Celiac disease (CD) and irritable bowel syndrome (IBS) share similar symptoms, leading to confusion between the two and diagnostic delay. International guidelines recommend screening individuals with IBS for CD, via serological testing. However, studies published recently have cast doubt on the utility of this. We updated a previous meta-analysis examining this issue.
MEDLINE, EMBASE, and EMBASE Classic were searched through to May 2016. Eligible studies recruited adults with IBS according to symptom-based criteria, physician’s opinion, or questionnaire data. Tests for CD included IgA-class antigliadin antibodies (AGA), endomysial antibodies (EMA), tissue transglutaminase antibodies (tTG), or duodenal biopsies following positive serology. The proportion of individuals meeting criteria for IBS testing positive for CD was combined to give a pooled prevalence for all studies, and compared between cases with IBS and, healthy controls without (where reported), using an odds ratio (OR) with a 95% confidence interval (CI).
There were 36 eligible studies, recruiting 15,256 individuals, of whom 9,275 (60.8%) met criteria for IBS. Pooled ORs for positive IgA AGAs, EMA and/or tTG, and biopsy-proven CD in IBS subjects vs. controls were 3.21 (95% CI 1.55–6.65), 2.75 (95% CI 1.35–5.61), and 4.48 (95% CI 2.33–8.60), respectively. There was no increase in ORs for any test for CD among cases with IBS in North American studies, and results were inconsistent in population-based studies. The prevalence of biopsy-proven CD was significantly higher across all subtypes of IBS. Limitations included heterogeneity in some analyses, and few North American studies.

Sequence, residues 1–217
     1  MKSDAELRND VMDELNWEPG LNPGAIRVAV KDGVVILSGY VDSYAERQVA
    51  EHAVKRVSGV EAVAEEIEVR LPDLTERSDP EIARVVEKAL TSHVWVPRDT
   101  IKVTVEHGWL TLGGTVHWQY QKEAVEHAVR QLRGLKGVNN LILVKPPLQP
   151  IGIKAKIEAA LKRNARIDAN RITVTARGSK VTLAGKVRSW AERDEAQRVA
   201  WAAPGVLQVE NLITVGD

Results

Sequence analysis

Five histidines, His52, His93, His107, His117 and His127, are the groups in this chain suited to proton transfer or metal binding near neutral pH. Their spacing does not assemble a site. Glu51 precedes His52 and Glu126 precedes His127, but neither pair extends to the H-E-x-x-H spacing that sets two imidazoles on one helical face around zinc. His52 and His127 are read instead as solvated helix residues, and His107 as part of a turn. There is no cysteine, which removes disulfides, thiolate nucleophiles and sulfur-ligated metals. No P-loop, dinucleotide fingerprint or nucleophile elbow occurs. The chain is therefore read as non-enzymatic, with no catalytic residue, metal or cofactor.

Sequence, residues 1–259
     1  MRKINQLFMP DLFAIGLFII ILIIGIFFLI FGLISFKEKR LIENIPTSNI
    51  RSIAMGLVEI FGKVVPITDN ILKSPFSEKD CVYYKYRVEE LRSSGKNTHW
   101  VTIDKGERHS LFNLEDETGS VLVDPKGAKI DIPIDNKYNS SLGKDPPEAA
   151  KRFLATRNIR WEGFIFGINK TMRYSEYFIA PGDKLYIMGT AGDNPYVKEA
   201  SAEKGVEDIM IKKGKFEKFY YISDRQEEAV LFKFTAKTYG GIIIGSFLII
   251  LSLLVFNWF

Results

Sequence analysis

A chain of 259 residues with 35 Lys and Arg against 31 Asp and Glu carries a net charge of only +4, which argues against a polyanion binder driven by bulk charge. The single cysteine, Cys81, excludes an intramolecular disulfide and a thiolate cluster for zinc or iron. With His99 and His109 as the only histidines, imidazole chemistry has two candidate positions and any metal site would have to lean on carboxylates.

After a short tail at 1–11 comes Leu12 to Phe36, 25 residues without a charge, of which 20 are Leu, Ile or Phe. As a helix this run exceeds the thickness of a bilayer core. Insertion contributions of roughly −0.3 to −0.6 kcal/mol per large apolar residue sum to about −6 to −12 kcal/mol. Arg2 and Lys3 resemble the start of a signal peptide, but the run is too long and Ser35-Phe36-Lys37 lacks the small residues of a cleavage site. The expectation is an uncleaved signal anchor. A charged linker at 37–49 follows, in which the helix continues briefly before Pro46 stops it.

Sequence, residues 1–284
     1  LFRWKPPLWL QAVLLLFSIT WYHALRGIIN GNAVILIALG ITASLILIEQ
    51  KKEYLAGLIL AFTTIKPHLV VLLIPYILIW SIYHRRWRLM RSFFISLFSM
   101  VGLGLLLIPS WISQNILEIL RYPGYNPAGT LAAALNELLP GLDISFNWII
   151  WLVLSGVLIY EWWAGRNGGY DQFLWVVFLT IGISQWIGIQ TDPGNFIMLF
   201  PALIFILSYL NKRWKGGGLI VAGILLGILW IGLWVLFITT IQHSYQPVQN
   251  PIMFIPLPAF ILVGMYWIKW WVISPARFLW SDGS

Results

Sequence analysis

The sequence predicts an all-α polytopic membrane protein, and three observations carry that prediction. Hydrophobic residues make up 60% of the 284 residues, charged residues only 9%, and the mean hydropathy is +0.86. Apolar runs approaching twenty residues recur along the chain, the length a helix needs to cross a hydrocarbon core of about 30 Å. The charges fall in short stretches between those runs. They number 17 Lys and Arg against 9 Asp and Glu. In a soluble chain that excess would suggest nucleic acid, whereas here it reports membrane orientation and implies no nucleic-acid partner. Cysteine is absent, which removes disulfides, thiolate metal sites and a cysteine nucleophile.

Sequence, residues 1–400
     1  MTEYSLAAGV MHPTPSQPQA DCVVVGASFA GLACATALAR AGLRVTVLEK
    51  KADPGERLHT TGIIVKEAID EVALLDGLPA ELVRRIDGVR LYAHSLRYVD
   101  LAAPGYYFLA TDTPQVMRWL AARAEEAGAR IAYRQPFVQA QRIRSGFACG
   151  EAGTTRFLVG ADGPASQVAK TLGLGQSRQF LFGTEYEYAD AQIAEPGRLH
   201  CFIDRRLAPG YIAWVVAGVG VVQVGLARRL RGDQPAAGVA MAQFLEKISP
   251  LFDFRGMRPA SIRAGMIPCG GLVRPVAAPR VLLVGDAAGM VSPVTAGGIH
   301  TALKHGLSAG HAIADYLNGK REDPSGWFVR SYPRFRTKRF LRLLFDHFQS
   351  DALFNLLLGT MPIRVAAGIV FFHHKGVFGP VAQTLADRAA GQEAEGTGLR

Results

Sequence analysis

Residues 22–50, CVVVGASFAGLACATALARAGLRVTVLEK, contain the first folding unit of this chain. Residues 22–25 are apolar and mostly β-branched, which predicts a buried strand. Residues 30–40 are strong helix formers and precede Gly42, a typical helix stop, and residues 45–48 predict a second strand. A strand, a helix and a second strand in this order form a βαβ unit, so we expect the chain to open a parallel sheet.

Overall, prevalence of positive celiac serology and biopsy-proven CD was significantly higher in subjects with symptoms suggestive of IBS vs. healthy controls. However, the utility of screening for CD in individuals with suspected IBS in North America or in the community is less clear.
1Leeds Gastroenterology Institute, St James’s University Hospital, Leeds, UK
2Leeds Institute of Biomedical and Clinical Sciences, University of Leeds, Leeds, UK
3Department of Internal Medicine, Division of Gastroenterology, University of Michigan Health System, Ann Arbor, Michigan, USA
Correspondence: Alexander C. Ford, Leeds Gastroenterology Institute, St James’s University Hospital, Room 125, 4th Floor, Bexley Wing, Beckett Street, Leeds, LS9 7TF UK. E-mail: firstname.lastname@example.org
Received 01 June 2016; accepted 13 September 2016
Guarantor of the article: Alexander C. Ford, MBChB, MD, FRCP.
Specific author contributions: Collected all data: Andrew J. Irvine and Alexander C. Ford. Analyzed and interpreted the data: Alexander C. Ford. All authors conceived and drafted the study, contributed to, and approved the final draft of the manuscript.
Financial support: None.
Potential competing interests: None.